It’s pretty much common practice within the world of employment to work beyond handing in your written notice that you’ll be leaving your current position.
In the UK, the average notice period is 4 weeks. This gives employers time to search for, interview and maybe even onboard a newbie to replace the member of staff moving on to pastures new.
Recently, though, the tides are turning towards extending contracted notice periods, to allow employers more time to find someone new, and for the soon-to-be-departing member of staff enough time to full wrap up any projects they were working on.
But is this in the best interests of both employers and employees alike? There are those out there that believe a longer notice period is bad news for those businesses which are looking to expand and undergo positive growth in 2021.
But why are notice periods getting longer?
Well, while many employers may be expecting the job market to be flooded with suitable applicants after a tumultuous year filled with job losses and redundancies, many firms are finding the opposite.
The mass movement of talent has, in fact, meant more candidates are slightly hesitant when it comes to searching for a new role due to uncertainties surrounding the stability and security of some roles in the jobs market while we still remain in some form of lockdown.
This uncertainty for both parties means notice periods are being extended in standard contracts of employment in order to reflect the greater length of time required to fill roles.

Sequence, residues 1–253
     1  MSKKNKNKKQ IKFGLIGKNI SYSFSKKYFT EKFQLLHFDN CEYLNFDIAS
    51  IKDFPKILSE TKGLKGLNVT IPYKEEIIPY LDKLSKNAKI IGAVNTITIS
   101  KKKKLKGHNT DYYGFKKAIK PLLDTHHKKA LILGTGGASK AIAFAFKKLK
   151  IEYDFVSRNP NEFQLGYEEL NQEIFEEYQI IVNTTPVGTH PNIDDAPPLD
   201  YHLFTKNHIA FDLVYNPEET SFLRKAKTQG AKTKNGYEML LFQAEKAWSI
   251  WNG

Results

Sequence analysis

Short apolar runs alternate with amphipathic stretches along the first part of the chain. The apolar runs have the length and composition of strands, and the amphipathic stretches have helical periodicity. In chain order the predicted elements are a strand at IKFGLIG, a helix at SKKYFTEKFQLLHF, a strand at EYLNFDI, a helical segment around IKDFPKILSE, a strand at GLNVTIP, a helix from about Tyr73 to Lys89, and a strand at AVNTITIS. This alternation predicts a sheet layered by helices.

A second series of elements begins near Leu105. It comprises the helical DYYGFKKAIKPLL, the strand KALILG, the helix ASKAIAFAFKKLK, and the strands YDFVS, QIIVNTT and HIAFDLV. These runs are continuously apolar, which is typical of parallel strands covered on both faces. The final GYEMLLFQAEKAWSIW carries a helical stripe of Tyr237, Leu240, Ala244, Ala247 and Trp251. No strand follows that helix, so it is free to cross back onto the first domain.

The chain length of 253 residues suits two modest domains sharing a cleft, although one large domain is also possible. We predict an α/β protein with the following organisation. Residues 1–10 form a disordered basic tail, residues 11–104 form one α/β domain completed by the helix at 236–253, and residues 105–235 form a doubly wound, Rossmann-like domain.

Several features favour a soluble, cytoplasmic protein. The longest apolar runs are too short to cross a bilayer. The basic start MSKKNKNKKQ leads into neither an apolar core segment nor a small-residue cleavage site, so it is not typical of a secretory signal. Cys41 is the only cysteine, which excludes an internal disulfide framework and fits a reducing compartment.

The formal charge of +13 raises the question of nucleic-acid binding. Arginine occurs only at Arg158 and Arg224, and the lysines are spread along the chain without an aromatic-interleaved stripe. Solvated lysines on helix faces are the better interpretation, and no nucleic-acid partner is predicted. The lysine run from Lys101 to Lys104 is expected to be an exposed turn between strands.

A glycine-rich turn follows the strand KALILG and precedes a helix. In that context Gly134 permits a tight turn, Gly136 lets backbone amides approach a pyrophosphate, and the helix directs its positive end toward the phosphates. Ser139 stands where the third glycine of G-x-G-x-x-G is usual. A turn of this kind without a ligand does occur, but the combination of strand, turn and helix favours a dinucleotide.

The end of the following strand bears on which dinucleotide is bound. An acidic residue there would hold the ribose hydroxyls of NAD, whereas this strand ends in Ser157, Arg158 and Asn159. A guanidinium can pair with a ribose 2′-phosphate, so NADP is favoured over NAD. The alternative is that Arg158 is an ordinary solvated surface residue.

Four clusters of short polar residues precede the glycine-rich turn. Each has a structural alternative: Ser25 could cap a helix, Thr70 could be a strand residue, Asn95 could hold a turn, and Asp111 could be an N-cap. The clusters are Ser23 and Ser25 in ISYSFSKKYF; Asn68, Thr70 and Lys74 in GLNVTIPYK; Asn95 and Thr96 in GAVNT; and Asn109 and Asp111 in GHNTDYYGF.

But is extending notice periods a good idea for businesses?
While there are benefits to extending notice periods that come along with no role being left unfilled for great lengths of time, many employers are finding that longer notice periods do more harm than good for business productivity, growth, and expansion.
While there are many instances where employees are happy to work for a longer period of time after making the final decision to leave, many more members of staff would find themselves keen to move on after the choice has been made.
Often staff can become disenfranchised with the work they are doing, or maybe even the business as a whole if they know what they’re working on will not affect them in the weeks to come after they have moved on.
Good employees will get their work done just fine but will often not be tempted to go the extra mile or come up with new and exciting ideas with the vigour of a new starter.
So what are the alternatives for businesses that want to find staff fast?
Recruitment agencies can help!
Not only do agencies have a full list of hundreds of local, suitable candidates looking for work and ready to interview as soon as possible, they’re the experts in acquiring temporary workers to cover any periods of absence in the interim between an old employee leaving and a new one starting.
So whether you need help with the more permanent side of recruitment, or the temporary staffing side, you can’t go wrong with contacting an agency like Workforce to solve your hiring woes.